Swimming lessons for my child?

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Swimming lessons can prevent accidental drownings in young children. Non-profit organizations and private instructors offer lessons, but parents should supervise young children and consider their interest level before enrolling them. Children four and older can enjoy the social and competitive aspects of swimming lessons. Parents should also be aware of scheduling and enrollment terms. Swimming lessons can build confidence and survival skills, but parents should also consider teaching their child the basics on their own.

Considering the number of accidental drownings and near drownings involving young children every year, swimming lessons may be one of the best things parents can provide for their children. There are a number of non-profit organizations such as the YMCA that offer regular swimming lessons to the public, as well as private swimming instructors who can offer swimming lessons in the privacy and comfort of a home pool. The key is to teach very young children not to be afraid of water and older children how to improve their stamina and confidence.

There is some question about the minimum age requirement for swimming lessons. While some parents may feel comfortable supervising a child in the shallow end of a pool, experts like the American Association of Pediatrics suggest that children under the age of four aren’t developmentally prepared for formal swim lessons. Parents who enroll their youngest children in aquatic programs should not be lulled into a false sense of security. Drowning is still a leading cause of death among infants, regardless of their experiences with formal swim lessons. Parents should still be within reach of their children while they are at the pool or beach.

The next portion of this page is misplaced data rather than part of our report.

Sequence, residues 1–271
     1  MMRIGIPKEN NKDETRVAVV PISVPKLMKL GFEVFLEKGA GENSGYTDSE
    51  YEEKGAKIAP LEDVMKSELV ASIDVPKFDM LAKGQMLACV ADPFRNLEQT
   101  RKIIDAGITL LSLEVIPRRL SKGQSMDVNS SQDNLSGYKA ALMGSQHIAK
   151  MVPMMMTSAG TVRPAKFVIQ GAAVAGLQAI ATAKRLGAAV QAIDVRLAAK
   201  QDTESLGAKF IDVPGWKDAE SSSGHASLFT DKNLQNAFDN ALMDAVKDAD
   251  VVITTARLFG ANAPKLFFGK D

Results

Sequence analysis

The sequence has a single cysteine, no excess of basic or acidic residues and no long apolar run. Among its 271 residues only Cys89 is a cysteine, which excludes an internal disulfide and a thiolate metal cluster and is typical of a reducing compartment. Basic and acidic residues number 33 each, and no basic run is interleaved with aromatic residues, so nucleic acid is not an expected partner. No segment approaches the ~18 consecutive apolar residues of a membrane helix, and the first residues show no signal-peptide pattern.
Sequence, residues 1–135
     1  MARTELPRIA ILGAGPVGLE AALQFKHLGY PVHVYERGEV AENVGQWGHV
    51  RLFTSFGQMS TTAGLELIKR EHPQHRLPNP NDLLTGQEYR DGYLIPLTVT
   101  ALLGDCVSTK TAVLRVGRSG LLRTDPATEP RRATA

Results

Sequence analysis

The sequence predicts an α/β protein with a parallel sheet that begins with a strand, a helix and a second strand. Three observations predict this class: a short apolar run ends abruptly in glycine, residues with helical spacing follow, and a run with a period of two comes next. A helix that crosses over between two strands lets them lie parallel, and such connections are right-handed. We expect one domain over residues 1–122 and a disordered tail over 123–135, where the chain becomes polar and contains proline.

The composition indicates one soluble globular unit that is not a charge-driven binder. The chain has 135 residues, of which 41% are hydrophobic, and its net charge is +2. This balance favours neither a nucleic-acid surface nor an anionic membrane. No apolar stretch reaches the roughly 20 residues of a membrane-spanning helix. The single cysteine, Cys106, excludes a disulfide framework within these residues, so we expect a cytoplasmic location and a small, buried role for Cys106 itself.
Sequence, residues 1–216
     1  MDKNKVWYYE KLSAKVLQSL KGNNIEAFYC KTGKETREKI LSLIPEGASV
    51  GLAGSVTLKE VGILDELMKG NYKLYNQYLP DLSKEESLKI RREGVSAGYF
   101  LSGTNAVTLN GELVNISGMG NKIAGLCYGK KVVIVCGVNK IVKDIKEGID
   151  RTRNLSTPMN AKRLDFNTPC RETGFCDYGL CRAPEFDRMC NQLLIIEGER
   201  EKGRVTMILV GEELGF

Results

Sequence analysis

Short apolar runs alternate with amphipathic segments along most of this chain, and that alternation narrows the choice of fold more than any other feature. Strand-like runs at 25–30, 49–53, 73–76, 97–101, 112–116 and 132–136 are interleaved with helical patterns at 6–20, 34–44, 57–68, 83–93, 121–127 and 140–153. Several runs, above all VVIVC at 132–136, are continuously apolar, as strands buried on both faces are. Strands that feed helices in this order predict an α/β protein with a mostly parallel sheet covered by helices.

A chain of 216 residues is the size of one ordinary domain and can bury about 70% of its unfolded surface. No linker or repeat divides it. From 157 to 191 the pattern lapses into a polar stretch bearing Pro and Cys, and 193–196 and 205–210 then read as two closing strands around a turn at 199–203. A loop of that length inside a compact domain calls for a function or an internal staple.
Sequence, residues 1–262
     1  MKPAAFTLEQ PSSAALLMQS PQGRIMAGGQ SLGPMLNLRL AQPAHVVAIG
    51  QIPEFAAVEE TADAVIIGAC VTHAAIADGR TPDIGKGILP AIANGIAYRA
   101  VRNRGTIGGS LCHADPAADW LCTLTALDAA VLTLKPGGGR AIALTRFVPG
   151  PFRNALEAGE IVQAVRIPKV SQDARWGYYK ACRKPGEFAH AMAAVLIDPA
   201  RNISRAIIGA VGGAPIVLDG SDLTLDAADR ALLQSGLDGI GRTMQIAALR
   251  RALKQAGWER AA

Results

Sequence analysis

With kids four and older, swim lessons often combine one of their favorite recreational activities with a natural need to compare their abilities against those of others. A child may enjoy meeting other swimmers their age and learning about all the different strokes associated with swimming. Swim lessons often include opportunities to measure personal growth, such as time trials or informal peer competitions. For those kids who enjoy spending time in the water, swimming lessons can be enjoyed just as much as any other organized sport or outdoor activity.

When it comes to choosing appropriate activities for your child, however, you should always consider your child’s interest level. Swim lessons often involve visiting a local aquatic center several times a week, which can involve changes to a parent’s daily routine. It is not unusual for popular pools to limit the hours for private swimming lessons or to open the pool for competitive swimming very early in the morning. Swim lessons can be scheduled over a number of weeks or even months, so it pays to know precisely what the terms of enrollment are before signing any sort of instructor agreement.

Swimming lessons offer children the opportunity to participate in a sport they love and to build more confidence should they have to survive in unfamiliar waters. For parents, however, formal swimming lessons are like any other type of structured activity such as music lessons, dance practice or gymnastics. Make sure your child has expressed a significant interest in taking swimming lessons before enrolling them in a program. Learning the basics of swimming through formal swimming lessons can be enough for many children, so parents might consider taking an introductory class or teaching their child the basics of swimming on their own.

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